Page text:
Madonna: Back in the public eye

Rebecca Keegan from the Los Angeles Times talks with Madonna about her directorial effort "W.E.", due in theaters Friday, the Super Bowl performance, her new album "MDNA" and a tour.
 In one of the most interesting and revealing interviews we've got since the MDNA era approached, Madonna does not only have a lot to say about what's she's been working on recently, but she also revealed the title of a still unknown album track, "Beautiful Killer", which is a tribute to French film star Alain Delon.
 "I've seen every movie Alain Delon's ever made," Madonna said. "He's so charismatic."

"I have 12 minutes and 40 seconds to do something extravagant and exciting in the middle of something that's quite sacred to all of America," Madonna said about her upcoming appearance on the Super Bowl halftime show.
"No one's asked me to tone down my moves. They were curious about my costumes and the costumes of the dancers.... They were very clear with us up front that they don't want nipples or anything like that, and I didn't have any intention of doing that, so I was like, 'OK, we're cool.' I'm more nervous about this than most things I've done, simply because ... it's not how I'm used to working. I'm a perfectionist. I like everything to be done just so, and I like to run things and run things and run things until people can do it with their eyes closed."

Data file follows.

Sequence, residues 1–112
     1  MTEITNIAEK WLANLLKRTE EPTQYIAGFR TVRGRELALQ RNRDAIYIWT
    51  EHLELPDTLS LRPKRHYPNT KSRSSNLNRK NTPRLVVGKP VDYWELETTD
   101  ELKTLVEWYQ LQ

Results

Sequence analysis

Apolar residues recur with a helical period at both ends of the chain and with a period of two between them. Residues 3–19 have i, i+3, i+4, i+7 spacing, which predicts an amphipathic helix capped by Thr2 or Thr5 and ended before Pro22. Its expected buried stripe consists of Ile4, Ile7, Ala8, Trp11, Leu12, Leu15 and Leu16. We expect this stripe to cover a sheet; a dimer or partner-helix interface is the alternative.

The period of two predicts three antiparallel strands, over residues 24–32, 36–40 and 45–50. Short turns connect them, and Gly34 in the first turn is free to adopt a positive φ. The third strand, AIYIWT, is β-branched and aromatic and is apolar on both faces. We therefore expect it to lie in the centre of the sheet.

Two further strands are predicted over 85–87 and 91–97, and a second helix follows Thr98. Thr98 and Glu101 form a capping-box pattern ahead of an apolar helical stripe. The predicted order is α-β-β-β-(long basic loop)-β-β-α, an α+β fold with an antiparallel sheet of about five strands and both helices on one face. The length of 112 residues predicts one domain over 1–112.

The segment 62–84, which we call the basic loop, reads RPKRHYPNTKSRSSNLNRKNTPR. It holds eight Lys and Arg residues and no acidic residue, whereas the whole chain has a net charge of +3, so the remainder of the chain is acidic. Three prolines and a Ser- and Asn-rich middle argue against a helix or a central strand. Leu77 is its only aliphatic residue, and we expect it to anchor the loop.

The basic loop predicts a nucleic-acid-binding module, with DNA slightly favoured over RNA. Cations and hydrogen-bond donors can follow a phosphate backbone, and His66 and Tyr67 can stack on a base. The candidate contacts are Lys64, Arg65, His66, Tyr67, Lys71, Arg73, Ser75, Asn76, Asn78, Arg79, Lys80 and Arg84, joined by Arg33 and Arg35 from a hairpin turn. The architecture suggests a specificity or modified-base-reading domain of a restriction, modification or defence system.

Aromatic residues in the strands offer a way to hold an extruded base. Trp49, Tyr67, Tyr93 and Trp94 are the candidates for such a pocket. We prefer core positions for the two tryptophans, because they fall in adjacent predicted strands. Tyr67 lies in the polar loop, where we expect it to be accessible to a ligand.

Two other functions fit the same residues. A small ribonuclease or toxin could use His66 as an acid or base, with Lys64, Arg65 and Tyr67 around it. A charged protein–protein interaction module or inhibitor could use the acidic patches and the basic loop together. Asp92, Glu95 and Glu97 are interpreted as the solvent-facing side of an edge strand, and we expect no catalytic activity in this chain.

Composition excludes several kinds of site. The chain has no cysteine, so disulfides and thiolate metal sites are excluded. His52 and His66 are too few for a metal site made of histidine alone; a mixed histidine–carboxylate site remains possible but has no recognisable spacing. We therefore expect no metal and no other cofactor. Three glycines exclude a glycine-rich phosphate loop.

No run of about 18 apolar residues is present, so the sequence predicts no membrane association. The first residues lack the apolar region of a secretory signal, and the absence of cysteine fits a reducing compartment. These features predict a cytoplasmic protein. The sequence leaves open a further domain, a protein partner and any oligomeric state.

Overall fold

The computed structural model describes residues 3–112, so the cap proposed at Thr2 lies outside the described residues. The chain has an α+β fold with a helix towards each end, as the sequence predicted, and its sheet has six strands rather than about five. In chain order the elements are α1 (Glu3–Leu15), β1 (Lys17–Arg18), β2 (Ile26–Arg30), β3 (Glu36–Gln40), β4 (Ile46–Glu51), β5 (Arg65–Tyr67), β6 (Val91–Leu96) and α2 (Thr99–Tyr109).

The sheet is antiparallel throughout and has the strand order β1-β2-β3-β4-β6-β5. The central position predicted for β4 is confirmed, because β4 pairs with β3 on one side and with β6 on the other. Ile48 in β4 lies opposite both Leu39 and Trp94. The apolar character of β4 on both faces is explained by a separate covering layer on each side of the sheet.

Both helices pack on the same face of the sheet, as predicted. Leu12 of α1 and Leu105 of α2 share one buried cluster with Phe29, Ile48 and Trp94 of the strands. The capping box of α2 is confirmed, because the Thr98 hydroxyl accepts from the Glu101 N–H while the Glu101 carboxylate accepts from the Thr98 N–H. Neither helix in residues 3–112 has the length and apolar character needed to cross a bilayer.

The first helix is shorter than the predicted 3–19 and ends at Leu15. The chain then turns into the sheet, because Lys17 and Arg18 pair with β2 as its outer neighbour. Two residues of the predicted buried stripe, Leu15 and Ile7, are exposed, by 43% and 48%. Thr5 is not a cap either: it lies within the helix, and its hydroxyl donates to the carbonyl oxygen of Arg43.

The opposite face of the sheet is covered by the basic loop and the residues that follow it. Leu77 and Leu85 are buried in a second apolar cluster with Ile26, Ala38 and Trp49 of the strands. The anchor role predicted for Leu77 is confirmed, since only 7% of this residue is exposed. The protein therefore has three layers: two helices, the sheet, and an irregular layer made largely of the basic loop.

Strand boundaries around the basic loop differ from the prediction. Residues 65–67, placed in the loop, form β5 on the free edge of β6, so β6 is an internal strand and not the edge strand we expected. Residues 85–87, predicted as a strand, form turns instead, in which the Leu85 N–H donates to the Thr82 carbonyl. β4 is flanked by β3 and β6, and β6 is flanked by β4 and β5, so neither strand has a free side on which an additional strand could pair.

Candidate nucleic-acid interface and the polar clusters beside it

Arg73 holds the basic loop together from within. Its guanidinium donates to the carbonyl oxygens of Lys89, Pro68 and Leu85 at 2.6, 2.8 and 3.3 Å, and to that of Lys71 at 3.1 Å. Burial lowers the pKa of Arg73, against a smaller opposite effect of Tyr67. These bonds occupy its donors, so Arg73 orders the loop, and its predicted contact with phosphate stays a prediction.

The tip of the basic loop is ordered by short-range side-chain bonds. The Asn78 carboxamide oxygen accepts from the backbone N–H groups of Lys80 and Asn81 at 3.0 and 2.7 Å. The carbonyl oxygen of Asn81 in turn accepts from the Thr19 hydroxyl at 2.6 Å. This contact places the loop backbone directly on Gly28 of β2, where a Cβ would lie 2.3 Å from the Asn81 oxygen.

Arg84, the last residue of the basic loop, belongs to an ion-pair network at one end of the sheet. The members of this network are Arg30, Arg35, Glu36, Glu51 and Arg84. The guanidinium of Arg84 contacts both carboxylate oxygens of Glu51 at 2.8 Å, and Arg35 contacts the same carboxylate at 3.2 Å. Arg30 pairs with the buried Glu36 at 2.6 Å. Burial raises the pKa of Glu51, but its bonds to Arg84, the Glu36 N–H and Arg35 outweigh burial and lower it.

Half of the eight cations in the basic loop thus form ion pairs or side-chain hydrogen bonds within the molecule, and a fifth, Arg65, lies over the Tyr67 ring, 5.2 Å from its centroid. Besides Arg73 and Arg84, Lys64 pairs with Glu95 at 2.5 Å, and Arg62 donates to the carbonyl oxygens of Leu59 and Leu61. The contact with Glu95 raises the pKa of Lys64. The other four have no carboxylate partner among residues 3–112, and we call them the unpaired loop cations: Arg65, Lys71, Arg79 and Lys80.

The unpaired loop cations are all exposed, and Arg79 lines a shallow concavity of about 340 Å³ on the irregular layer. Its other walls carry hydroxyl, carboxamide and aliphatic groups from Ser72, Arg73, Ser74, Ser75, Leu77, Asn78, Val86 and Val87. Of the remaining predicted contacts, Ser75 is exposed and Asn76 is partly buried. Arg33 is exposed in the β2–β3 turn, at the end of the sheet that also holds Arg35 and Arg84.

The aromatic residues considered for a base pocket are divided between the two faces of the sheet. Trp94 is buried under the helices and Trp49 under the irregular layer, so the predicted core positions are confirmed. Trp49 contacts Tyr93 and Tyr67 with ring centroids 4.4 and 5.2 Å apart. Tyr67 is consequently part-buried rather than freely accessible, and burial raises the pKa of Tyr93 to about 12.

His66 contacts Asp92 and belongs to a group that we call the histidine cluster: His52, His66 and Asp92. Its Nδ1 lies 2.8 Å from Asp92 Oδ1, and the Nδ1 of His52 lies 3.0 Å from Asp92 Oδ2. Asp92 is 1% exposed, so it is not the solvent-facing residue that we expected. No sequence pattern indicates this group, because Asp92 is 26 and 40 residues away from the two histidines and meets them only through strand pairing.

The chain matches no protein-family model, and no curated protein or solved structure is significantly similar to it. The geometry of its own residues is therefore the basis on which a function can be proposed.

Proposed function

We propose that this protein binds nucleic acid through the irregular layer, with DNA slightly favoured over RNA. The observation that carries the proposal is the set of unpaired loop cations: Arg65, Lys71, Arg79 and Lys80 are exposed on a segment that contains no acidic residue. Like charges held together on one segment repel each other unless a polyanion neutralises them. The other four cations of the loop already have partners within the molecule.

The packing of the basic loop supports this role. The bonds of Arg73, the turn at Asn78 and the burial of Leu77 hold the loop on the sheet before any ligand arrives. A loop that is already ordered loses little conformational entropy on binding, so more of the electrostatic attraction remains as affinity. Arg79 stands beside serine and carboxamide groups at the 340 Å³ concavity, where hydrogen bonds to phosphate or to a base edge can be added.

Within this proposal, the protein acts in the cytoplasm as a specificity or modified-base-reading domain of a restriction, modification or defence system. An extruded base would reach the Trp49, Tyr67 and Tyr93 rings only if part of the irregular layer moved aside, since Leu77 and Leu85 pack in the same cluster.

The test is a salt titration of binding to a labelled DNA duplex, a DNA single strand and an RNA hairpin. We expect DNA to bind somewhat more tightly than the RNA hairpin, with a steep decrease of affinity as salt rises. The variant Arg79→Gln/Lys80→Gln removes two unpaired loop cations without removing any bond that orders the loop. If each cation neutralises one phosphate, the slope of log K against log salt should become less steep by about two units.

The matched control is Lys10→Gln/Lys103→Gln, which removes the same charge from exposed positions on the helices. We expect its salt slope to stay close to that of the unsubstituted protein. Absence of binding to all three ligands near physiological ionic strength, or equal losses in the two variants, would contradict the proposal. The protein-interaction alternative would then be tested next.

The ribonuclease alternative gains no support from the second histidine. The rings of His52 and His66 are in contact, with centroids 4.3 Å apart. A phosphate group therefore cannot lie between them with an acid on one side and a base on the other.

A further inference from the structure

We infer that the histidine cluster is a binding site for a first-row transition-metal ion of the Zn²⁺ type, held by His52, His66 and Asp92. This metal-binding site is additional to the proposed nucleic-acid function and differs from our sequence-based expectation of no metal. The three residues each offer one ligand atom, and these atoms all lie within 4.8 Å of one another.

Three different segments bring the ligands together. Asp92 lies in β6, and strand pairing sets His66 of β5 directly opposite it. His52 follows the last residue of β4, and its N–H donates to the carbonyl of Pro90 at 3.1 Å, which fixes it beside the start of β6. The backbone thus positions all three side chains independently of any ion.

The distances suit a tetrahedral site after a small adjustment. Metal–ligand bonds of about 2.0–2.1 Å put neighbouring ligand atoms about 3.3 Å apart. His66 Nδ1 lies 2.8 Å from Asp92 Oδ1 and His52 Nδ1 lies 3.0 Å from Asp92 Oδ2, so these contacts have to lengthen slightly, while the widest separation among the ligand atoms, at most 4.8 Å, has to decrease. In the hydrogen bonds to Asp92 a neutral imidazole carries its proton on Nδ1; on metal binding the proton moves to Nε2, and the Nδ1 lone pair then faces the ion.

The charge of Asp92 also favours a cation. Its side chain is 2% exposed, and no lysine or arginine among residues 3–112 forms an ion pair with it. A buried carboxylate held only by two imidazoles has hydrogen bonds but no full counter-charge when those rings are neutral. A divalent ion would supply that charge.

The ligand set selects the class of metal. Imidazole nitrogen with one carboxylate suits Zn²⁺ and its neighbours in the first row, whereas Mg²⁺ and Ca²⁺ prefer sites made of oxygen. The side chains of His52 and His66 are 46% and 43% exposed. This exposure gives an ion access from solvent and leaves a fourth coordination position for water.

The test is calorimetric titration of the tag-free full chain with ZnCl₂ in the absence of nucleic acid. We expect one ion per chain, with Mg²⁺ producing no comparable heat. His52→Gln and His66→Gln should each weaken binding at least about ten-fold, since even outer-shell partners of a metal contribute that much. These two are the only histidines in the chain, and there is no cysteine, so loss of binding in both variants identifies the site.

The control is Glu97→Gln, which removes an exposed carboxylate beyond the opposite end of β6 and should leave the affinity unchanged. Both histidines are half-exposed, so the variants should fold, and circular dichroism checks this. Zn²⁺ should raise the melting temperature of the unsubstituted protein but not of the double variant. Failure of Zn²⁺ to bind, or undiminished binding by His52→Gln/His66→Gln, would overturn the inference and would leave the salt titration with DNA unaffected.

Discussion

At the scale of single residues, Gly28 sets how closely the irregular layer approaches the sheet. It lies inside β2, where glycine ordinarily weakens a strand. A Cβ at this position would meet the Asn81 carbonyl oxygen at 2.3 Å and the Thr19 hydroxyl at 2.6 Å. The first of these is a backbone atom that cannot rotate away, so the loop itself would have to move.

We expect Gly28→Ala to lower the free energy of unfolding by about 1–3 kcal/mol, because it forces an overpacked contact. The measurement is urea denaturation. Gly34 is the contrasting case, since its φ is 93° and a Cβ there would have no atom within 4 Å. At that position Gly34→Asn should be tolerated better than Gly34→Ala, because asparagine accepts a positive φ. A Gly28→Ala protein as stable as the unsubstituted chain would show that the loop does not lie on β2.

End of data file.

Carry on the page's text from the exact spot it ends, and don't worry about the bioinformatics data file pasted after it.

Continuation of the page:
"I feel like all the records on the radio right now have a homogenized quality to them," she also said in The Times interview. "I've made a huge effort to try and not sound like everybody else. The music that I've done with William is quite introspective, whereas Martin's is more ironic and funny and upbeat. There's a really up aspect to it and a really fun aspect to it."

 Madonna also spent some words about the global tour that will keep her busy for the second half of the year: "When you're putting a show together, you're dealing with so many elements," she said. "You're creating a stage and working with lights and costumes and dancers, who you could say are the actors. You're paying attention to the minutiae and you're also stepping back and looking at the bigger picture. I always like to tell stories in my show and have some kind of an arc. I have a crew that I rely on desperately and ... I'm working with creative people, so I need to be judicious with the way that I speak with them. I've always been intricately involved in every aspect of my show. I know where all the nails are on the stage."

Check out the full story on the online website of LA Times



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